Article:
Robert Hofstadter, a Nobel Prize-winning US physicist, and his team shot highly energetic electrons at an extremely small vial of hydrogen at Stanford Linear Accelerator Center. This opened up a new era in physics.
It was believed that protons (which make up an atom’s nucleus) and neutrons (which make up the nucleus of an atom) were the most fundamental particles found in nature.
They were thought to be 'dots in space', without physical dimensions. It became apparent that these particles weren't fundamental and also had an intricate internal structure.
Hofstadter and his colleagues noticed a slight deviation in the way electrons "scattered" or bounced when they hit hydrogen. This indicated that there was more to a nucleus then the dot-like neutrons and protons they imagined.
The world's first experiments at accelerators that propelled particles to extremely high energies saw a paradigm shift in how we understand matter.
We still have a lot to learn about the atomic nucleus and the'strong force' that holds it all together, one of the four fundamental forces of Nature.
The Electron-Ion Collider is a brand-new accelerator that will be built in the next decade at Brookhaven National Laboratory on Long Island, USA. It will work with 1,300 scientists around the globe to improve our understanding of the nucleus.
(Brookhaven National Lab/Flickr/CC BY–NC
Above: A charged atom colliding with an electron can reveal its nuclear structure.
A strange, but powerful force
It was soon clear that the fundamental building blocks for matter were quarks or gluons after the 1950s revelations. These are the components of hadrons, the collective name for protons or other particles.
People often imagine these particles fitting together like Lego. The quarks and neutrons create protons. Then, protons and neutrons combine to make a nucleus. This nucleus attracts electrons to form an atom. Quarks and gluons, however, are not static building blocks.
Quantum chromodynamics is a theory that describes the interaction of strong forces between quarks and gluons. These gluons are force carriers. It cannot however help us analyze the properties of protons. It is not the fault of computers or our theorists. The equations are just unsolvable.
It is important to study the proton experimentally and other hadrons. To understand the force that binds the proton, it must be studied from all angles. The accelerator is the most powerful tool we have for this purpose.
However, when we look at the proton using a collider (a type accelerator that uses two beams), the results we see depend on how deep we look and what we are looking at. Sometimes it appears as three quarks, other times as an ocean full of gluons or as a sea of antiparticles. Antiparticles are almost identical to particles but have the opposite charge and other quantum properties.
While our understanding of matter at the smallest scales has improved greatly over the past 60-years, there are still many mysteries that the tools of today can't fully solve. What is the nature and purpose of the confinement within a hadron of quarks? How did the quasi-massless quarks 1,000 times lighter create the mass of the proton?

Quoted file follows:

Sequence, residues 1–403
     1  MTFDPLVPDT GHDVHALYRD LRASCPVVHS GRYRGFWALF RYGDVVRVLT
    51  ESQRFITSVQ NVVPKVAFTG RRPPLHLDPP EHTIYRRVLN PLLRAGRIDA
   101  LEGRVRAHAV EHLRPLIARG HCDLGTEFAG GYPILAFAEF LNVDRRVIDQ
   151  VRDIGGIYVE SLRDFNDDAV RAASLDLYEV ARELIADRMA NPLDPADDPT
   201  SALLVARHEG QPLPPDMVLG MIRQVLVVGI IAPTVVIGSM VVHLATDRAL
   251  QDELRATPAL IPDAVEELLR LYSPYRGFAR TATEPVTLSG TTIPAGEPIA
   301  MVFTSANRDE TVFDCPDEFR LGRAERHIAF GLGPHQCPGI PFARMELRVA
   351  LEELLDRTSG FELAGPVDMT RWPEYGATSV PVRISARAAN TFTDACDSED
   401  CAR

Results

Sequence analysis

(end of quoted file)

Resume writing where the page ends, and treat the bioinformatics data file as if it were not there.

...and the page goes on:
We need a microscope capable of imaging the proton and nucleus at the highest magnifications and constructing 3D images of their structure. This is exactly what the new collider can do.
Experimental set up
The Electron-Ion Collider will use a very intense beam electrons as its probe. This will allow it to cut open the proton/nucleus and view the structure within it.
The beam will collide a beam electrons with a beam protons or ions, and then observe how electrons scatter. The world's first ion beam is available.
Even effects that are not easily perceptible, like scattering processes, which are so rare, you can only see them once in a million collisions, will be visible.
These processes will allow me and other scientists to discover the structure of protons, neutrons, and how they are modified by strong forces.
It is possible to also discover what kind of matter is composed of pure gluons, something that has not been seen before.
Experiment scheme. (Brookhaven National Lab/Flickr/CC BY–NC)
The collider can be tuned to a wide range energy levels. This is similar to turning the magnification dial of a microscope. The higher the energy, one can see deeper into the proton/nucleus and can resolve finer details.
Scientists from around the globe are now working together to create detectors. These detectors will be located at two different points in the collider.
The UK has just awarded a grant to three teams to help with aspects of this effort. They will be designing the key components of the detectors, as well as the technology to implement them. These include sensors for precise tracking of charged particles, sensors to detect electrons scattered very close to the beam line, and detectors to measure the direction of spin (polarization) of particles that are scattered in collisions.
Although it could take 10 years for the collider to be fully designed and built it will likely be worth it.
One of the most difficult challenges in Physics today is to understand the proton's structure and the fundamental force that gives birth to more than 99 percent of visible matter in the Universe.
Daria Sokhan is the Blaise Pascal Chair at CEA Saclay France, / Senior Lecturer at School of Physics and Astronomy University of Glasgow.
This article was republished by The Conversation under Creative Commons. You can read the original article.